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Mayfield breaks down ‘computer science’ silos with new coding course

Elisa Gonzalez ’19 spoke with the precision expressed in a string of JavaScript as she explained why she has been so captivated with her computer screen these days. “Right now in this world there is an absolute necessity to know coding,” she said. “By learning to code I feel that I am becoming part of a technological movement.”
Elisa is talking about her participation in a breakthrough program at Mayfield Senior School to teach every student a new language—the language of code. But in a new twist we are tapping into students’ creative side to learn this skill.

This school year all 330 Mayfield students will be taught how to use a web application call VidCode that introduces them to the fundamentals of JavaScript. Students will learn how to both create and code their own digital video projects—not just follow a prescribed tutorial.

“Coding is another means of communication and I feel very strongly that this is the language of the 21st century that we have to teach all of our students,” said Head of School Kate Morin. She said that the core coding concepts will be taught to every student and will instill a host of direly needed skills in today’s world: creativity, critical thinking and logical reasoning.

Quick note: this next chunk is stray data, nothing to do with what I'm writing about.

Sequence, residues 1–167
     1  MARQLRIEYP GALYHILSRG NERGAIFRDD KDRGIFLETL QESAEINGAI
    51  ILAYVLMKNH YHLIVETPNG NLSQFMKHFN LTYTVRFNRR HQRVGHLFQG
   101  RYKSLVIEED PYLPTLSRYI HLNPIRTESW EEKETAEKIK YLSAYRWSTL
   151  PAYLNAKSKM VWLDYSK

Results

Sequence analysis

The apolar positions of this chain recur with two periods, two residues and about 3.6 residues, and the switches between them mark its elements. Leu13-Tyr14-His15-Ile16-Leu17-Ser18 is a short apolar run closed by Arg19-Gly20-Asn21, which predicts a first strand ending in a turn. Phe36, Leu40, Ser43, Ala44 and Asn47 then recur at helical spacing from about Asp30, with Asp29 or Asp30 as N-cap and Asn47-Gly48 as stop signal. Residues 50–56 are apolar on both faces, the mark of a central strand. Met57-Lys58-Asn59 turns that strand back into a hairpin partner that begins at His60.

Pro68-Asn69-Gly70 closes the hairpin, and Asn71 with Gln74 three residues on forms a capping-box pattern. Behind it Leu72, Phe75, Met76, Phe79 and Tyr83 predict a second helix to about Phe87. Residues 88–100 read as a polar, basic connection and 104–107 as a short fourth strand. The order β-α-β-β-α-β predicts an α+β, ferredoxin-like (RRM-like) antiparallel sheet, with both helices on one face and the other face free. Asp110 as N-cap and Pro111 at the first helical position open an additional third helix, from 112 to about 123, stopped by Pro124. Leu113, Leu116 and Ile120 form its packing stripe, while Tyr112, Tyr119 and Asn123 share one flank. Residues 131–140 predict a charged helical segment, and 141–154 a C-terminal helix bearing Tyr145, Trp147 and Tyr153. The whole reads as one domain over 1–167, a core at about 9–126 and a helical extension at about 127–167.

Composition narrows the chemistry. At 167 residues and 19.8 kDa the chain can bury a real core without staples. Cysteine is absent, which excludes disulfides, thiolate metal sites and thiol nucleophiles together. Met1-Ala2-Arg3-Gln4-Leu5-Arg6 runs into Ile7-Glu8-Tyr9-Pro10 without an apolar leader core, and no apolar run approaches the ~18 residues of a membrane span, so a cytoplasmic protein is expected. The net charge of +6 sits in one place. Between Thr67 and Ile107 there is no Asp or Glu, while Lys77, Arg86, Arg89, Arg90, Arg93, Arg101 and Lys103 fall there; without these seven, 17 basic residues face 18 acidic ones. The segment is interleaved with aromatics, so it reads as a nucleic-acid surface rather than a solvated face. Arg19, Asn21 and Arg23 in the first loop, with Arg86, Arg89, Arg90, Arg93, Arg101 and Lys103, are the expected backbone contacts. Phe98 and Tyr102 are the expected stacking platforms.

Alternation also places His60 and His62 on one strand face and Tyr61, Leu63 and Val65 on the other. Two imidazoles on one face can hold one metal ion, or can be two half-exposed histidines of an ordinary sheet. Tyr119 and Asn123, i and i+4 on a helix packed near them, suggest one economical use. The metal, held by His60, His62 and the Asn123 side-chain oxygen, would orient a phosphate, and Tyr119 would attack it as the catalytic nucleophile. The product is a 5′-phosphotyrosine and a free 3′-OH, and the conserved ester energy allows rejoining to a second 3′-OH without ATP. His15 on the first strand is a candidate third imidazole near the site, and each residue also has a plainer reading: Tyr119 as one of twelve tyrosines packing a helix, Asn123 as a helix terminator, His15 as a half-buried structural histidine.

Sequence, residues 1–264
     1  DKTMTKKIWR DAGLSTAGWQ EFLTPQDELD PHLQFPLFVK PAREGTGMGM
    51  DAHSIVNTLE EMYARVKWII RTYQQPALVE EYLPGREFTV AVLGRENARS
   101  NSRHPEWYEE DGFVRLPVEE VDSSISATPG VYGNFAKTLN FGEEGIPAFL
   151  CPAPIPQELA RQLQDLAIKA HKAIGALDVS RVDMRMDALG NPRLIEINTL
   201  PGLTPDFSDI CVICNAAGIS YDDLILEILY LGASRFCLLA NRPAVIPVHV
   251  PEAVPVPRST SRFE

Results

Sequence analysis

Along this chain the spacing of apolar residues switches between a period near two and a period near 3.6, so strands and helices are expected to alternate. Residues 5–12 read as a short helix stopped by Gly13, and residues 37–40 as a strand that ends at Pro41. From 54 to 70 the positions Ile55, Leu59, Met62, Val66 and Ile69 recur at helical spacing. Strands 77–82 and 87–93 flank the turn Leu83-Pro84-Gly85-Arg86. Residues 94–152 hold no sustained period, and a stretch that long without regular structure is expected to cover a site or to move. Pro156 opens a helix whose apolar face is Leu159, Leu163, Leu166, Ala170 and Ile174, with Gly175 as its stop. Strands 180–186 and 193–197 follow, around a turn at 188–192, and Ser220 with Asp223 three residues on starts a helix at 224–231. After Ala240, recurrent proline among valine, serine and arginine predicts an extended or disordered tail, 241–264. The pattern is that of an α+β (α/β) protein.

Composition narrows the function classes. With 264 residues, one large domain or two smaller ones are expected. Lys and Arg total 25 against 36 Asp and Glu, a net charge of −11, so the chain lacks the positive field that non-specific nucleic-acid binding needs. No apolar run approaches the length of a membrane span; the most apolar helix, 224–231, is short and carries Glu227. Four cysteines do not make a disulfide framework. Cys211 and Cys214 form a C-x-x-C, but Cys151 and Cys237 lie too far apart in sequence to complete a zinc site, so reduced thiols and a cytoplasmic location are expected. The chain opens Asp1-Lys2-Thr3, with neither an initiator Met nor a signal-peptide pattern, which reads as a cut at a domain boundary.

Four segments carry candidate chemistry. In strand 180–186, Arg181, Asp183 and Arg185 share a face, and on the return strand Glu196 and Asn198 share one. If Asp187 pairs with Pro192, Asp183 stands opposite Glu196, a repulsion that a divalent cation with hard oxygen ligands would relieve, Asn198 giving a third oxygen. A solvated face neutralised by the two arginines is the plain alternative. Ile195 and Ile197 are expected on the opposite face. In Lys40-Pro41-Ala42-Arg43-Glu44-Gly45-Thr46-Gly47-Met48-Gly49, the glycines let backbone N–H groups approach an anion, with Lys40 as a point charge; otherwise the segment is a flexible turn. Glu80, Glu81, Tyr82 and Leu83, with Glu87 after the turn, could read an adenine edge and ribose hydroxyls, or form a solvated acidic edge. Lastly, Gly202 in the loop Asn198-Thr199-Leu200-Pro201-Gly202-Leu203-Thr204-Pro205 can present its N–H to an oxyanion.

“As Holy Child educators we are called to prepare girls to meet the ‘wants of the age,’” Mrs. Morin said. “Our society needs our girls to be a part of filling the gender gap in computer sciences and engineering. But equally important, we are teaching problem-solving skills that are needed in virtually every discipline in today’s technology-driven workforce.”

Mayfield’s interdisciplinary effort aims to take learning code out of the “computer science” silo, integrating these skills into classes like English and social studies, said Melissa Tighe, mathematics teacher and Director of Innovation and Community Partnerships at Mayfield.

This fall 35 seniors have in a UC-accredited course to give them advanced skills to prepare them for college. Over the summer, 13 students took the class.

Using the VidCode platform that every student will begin to learn this year, the online course is under the direction of Visual Arts teacher Theresia Kleeman, who guides students and meets with them weekly. The program takes students through tutorials that define strings of code and then allows them to immediately create their own coding project.

For students, it’s like going behind the scenes of their favorite Snapchat or Instagram apps and learning step-by-step how to code the kinds of filters, memes, text and animation they enjoy using in their everyday forms of digital expression.

“Obviously we could get an app where you just drag and drop blocks in place and all the coding is already done,” said Annie Tighe ’19, who took the summer course. “But when you actually put your hands on the keys and type out the words, numbers and symbols that make up the code and it appears on screen—it is amazing.”